Emerging musician, New Age Noise Collective member and Information + Cultural Exchange intern, Alyssa Yang sat down with artist, musician and returning New Age Noise mentor, Rainbow Chan to chat breaking down internal barriers, owning your cultural heritage and some small self care tips.
AY: What’s your favourite colour and how would you describe it to someone who’s blind?
RC: I’ve always loved blue (Sailor Mercury was my favourite.) I would describe blue as somehow being a container of distance.
When you first started creating music, how did you come about to find the right resources?
Back then, I feel like I had much less access to production technologies, social media, and internet tutorial sites. There are pros and cons about this. I guess instead of browsing what other people were doing, I spent a lot of time experimenting on my own. I started with very basic equipment (a guitar, loop pedal, and keys) and tried to write with only those limited options. But that meant I had to get creative with pushing the function of each instrument. E.g. instead of seeing the piano as pitch-oriented, I tried to explore how it could become percussive through extended techniques like putting objects on the strings.
What would some advice be to someone who’s starting out to create music and feels barriers or can’t find the right opportunities?
It takes time, so patience is key! The truth is, you’re going to get rejected when you’re starting out. But don’t let that deter you – get feedback, see how you can improve and keep in touch with bookers, media people, etc. It’s also important to build networks yourself and make your own opportunities. Put on your own gigs, share resources and equipment, collaborate with friends, support each other go to live shows.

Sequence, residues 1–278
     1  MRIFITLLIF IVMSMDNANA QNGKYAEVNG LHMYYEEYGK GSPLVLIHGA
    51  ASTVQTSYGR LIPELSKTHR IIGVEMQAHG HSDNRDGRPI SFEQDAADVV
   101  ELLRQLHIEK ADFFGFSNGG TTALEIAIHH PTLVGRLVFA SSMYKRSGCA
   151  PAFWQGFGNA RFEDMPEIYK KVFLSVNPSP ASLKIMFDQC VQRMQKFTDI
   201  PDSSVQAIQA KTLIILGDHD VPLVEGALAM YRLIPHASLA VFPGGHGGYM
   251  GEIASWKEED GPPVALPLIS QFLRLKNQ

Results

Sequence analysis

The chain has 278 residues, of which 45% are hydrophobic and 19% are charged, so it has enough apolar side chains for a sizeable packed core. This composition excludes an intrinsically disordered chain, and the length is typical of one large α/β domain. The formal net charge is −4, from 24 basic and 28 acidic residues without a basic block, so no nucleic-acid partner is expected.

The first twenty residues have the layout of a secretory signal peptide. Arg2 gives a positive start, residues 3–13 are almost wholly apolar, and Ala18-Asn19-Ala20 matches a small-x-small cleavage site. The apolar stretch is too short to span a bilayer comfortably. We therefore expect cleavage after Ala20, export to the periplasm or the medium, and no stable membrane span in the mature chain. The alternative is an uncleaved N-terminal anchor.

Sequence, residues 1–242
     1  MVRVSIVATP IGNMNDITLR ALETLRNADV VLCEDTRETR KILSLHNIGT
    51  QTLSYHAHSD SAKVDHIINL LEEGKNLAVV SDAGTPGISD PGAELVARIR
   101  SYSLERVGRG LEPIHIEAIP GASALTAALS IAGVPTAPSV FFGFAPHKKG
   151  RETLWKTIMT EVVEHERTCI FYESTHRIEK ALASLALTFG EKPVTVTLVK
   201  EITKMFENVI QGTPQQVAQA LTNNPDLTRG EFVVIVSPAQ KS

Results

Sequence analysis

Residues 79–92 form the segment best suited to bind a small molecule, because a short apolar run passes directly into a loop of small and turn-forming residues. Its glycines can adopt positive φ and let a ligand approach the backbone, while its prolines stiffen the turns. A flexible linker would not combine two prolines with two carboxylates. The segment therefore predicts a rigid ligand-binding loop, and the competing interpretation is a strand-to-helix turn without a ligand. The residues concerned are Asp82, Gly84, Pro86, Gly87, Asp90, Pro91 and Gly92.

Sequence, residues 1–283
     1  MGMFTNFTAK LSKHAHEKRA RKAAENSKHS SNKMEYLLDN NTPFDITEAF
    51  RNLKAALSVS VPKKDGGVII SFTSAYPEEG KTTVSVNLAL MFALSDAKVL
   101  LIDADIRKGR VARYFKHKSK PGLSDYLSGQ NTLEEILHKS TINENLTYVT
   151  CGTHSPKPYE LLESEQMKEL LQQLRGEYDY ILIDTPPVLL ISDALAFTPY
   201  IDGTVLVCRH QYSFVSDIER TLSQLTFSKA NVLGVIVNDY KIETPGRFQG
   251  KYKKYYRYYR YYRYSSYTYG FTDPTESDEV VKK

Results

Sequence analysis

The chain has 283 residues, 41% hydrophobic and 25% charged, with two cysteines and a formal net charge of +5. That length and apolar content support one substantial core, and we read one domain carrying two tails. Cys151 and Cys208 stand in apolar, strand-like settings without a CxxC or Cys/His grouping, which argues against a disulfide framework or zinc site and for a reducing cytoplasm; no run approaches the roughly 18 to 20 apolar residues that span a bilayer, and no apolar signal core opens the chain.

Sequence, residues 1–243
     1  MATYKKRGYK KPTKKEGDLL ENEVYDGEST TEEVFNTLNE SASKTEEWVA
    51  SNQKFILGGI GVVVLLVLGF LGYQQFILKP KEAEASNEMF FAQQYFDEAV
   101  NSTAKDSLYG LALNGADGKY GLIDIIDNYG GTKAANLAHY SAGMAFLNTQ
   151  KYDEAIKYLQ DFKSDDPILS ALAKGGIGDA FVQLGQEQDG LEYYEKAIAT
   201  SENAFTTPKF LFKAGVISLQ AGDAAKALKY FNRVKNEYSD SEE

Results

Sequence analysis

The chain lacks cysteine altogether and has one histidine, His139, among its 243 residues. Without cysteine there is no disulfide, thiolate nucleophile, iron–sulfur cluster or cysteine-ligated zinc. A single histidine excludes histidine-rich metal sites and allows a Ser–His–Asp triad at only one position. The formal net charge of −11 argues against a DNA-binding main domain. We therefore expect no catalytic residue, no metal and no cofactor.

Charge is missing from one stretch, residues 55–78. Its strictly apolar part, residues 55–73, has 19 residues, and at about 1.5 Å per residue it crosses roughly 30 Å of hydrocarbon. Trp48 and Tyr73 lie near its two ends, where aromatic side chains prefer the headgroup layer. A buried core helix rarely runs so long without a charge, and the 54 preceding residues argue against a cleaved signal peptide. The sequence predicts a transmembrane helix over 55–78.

Of course, it’s also crucial that you keep honing your technical skills as an artist.
What’s your favourite “bad” or ”tacky” 90’s look?
Middle-parted mushroom bowl cut (see Aaron Kwok, Leonardo Dicaprio)
I know that your culture is a big part of your music-making practice, and growing up as a second-generation immigrant in Australia was really difficult for me personally. What would your advice be to someone who’s struggling to come to terms with their identity? We have two sides telling us on one hand “you’re Australian.” but there’s also another side denying us and telling us “you’re Chinese.” How did you come to terms with your cultural identity/identities?
It’s such a big topic to tackle, and it feels like heaps of pressure to be a role model or ambassador for your culture. But it’s not all on you! I came to terms with my identity by understanding that while I felt Othered in the past, this was my way of reclaiming my narrative. Looking at culture and gender in my practice became a form of agency for me. But also, it’s totally not necessarily to make your works about being a POC or culturally diverse person. You already embody and live that experience, so just know that anything you make is an important step for visibility.
I know you’re a very busy person, so what do you like to do in your downtime?
Swimming and cooking!
What’s been your most memorable moment so far this year (besides sitting here with me at this interview)?
Hehe. Releasing my album “Pillar” independently has been huge. I’m super proud of this record and the reception has been lovely. It’s been very humbling.
What do you do when you get a creative block?
Do something non-creative. Go for a walk, exercise, read a book, immerse yourself in nature. Sounds so cliché but it works for me! Nothing like taking the pressure off yourself to make things all the time.
Interview by Alyssa Yang.
Image: (L) Alyssa Yang, self portrait 2019. (R) Rainbow Chan by Hyun Lee 2019